We may not remember our boyfriend’s birthday, let alone your anniversary, but the one date that every member of the LGBTQ+ community remembers is where they were when ‘Pulse’ happened. It was such a callous and horrendous act of hate that ended so many lives of our brothers and sisters who were just out for a careless summer night of fun.
Rick Todd, a member of Orlando’s gay community, and the publisher of gay-issues newspaper Watermark immediately know that he wanted to honor the people we had lost and also members of the community who had raised him. This motivated him and others to go on and make the documentary ‘Greetings from Queertown’
They used personal stories to paint a picture of how Orlando has changed over time, starting with the early days when staying in the closet was the norm. “One thing I’ve learned, which is sad, is that this should have been done 10 or 15 years ago,” Todd said. “We’ve lost too many people. We were lucky we were able to talk to him, but there were so many we didn’t get to.”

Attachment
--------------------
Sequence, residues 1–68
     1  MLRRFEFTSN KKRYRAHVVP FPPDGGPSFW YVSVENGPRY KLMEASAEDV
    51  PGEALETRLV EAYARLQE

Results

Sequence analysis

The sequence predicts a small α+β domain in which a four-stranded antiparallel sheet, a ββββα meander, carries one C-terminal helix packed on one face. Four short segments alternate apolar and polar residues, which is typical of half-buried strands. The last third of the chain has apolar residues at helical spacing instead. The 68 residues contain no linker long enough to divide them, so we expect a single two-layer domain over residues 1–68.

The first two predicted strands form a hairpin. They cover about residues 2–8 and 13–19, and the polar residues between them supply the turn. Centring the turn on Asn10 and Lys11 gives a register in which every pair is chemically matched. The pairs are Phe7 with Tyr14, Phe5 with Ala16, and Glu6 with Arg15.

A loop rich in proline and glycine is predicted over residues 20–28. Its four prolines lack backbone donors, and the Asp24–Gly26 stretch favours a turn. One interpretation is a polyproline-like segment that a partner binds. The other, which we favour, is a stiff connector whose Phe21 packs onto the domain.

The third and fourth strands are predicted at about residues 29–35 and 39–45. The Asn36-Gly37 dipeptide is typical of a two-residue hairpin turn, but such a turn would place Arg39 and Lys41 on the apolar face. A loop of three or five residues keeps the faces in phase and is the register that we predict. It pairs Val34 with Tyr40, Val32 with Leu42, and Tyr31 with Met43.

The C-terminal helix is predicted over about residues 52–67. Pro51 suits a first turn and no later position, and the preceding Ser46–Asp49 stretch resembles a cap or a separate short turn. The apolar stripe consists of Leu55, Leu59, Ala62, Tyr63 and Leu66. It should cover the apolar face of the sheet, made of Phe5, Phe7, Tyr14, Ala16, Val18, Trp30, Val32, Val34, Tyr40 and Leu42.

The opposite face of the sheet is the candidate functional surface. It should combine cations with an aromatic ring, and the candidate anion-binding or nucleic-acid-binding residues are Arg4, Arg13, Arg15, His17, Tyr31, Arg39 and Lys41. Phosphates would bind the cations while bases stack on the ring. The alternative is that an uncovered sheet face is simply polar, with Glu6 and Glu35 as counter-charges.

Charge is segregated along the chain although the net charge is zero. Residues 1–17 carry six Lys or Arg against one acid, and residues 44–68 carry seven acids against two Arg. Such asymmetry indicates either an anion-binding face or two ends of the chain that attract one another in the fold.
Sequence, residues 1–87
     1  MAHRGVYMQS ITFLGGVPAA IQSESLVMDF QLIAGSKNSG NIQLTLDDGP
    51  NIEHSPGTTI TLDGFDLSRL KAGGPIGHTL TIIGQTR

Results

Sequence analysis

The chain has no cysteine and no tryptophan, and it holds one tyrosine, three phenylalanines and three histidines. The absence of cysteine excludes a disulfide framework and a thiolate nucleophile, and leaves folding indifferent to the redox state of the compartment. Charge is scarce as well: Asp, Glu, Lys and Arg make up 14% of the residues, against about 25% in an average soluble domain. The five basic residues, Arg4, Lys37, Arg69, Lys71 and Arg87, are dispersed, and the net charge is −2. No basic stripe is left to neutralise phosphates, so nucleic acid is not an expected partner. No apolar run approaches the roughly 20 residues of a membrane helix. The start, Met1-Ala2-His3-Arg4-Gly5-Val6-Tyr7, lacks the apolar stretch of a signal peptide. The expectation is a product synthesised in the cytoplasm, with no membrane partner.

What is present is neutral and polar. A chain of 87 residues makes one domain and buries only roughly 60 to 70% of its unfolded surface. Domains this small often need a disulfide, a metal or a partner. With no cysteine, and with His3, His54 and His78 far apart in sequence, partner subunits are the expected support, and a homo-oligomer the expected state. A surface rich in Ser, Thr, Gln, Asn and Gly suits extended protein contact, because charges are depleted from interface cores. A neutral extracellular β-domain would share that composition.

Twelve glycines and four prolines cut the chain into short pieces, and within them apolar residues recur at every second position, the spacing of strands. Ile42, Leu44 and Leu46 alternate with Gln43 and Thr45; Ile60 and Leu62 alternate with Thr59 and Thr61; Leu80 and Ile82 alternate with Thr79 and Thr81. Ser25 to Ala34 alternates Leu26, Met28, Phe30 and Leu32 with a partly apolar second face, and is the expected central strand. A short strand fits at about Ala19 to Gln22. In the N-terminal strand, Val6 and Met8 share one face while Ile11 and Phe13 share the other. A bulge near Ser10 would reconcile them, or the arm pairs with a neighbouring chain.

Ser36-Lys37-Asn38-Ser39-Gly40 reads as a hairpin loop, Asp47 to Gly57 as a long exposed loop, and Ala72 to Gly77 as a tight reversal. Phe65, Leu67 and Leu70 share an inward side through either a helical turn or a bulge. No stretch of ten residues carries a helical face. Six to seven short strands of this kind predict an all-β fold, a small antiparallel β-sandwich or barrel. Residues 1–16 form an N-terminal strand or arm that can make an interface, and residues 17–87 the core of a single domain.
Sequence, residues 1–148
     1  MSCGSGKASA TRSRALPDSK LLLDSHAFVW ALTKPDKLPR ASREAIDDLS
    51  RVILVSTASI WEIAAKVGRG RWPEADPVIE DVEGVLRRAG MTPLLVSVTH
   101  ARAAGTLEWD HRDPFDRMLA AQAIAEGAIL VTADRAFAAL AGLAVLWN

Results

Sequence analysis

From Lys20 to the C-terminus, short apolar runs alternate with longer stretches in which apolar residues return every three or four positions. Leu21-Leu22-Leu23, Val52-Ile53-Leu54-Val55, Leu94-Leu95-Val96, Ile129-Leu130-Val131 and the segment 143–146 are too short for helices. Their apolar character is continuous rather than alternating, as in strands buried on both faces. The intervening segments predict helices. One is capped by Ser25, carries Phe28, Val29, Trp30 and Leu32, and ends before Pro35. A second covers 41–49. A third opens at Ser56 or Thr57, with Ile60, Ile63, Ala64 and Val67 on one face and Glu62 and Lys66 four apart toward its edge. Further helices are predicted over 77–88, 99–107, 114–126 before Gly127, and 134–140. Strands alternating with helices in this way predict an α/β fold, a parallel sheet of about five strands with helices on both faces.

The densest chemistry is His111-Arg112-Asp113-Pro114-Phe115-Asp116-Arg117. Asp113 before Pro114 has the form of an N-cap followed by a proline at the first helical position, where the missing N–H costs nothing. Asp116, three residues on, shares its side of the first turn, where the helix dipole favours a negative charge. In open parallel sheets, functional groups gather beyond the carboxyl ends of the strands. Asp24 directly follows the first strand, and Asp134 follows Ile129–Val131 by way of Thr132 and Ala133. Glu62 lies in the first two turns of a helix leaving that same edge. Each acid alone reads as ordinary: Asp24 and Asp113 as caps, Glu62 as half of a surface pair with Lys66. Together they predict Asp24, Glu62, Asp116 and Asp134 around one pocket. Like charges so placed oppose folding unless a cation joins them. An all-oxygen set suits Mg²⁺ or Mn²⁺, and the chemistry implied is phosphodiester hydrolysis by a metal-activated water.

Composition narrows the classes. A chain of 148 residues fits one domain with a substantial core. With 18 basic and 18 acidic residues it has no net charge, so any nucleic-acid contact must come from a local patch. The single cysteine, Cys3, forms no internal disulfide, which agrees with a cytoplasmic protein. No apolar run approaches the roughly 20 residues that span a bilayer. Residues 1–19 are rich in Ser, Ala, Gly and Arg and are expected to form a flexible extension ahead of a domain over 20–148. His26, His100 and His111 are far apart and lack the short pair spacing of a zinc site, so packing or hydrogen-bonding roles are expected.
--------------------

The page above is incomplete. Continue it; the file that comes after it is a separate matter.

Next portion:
There is a wealth of really compelling interviews from notable locals such as Headdress Ball founder Sam Ewing and drag performer who for years raised money for the Hope & Health Center’s fight against HIV and AIDS. They remind one so effectively of how beautiful, full of life, and faultlessly generous people were taken from their loved ones and families that one night.
City Commissioner Patty Sheehan recalled that life for the local gay community had not always been a bed of roses’ ” In the early days the bars were the only place you could go, and even those would get raided,’
Todd has said that everybody involved was very passionate about the film, directed by Jess Keller, which has just been screened at Florida Film Festival. He hopes that after the film festival “Greetings from Queertown” will find life on streaming services and inspire others to tell their community’s stories — or take comfort in the fact they are not alone.